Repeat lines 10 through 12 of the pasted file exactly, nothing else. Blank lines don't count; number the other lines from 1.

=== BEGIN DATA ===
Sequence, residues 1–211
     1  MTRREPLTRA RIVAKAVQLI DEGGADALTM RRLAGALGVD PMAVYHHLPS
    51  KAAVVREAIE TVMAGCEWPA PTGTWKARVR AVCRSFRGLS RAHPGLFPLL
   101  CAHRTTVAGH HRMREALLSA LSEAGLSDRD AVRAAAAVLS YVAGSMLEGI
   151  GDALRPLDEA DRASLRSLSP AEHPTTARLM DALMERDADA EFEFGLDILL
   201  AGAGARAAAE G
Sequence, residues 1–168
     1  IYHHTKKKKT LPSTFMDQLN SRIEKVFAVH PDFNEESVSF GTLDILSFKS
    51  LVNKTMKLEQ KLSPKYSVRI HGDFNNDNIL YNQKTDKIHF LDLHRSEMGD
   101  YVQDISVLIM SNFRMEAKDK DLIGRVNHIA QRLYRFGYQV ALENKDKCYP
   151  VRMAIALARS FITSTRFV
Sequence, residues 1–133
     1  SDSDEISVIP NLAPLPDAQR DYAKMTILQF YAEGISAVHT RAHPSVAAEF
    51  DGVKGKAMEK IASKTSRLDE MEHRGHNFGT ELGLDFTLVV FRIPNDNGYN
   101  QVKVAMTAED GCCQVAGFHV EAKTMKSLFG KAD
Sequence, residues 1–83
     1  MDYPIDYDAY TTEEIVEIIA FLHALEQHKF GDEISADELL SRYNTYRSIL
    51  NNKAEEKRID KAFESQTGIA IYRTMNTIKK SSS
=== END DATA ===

   101  YVQDISVLIM SNFRMEAKDK DLIGRVNHIA QRLYRFGYQV ALENKDKCYP
   151  VRMAIALARS FITSTRFV
Sequence, residues 1–133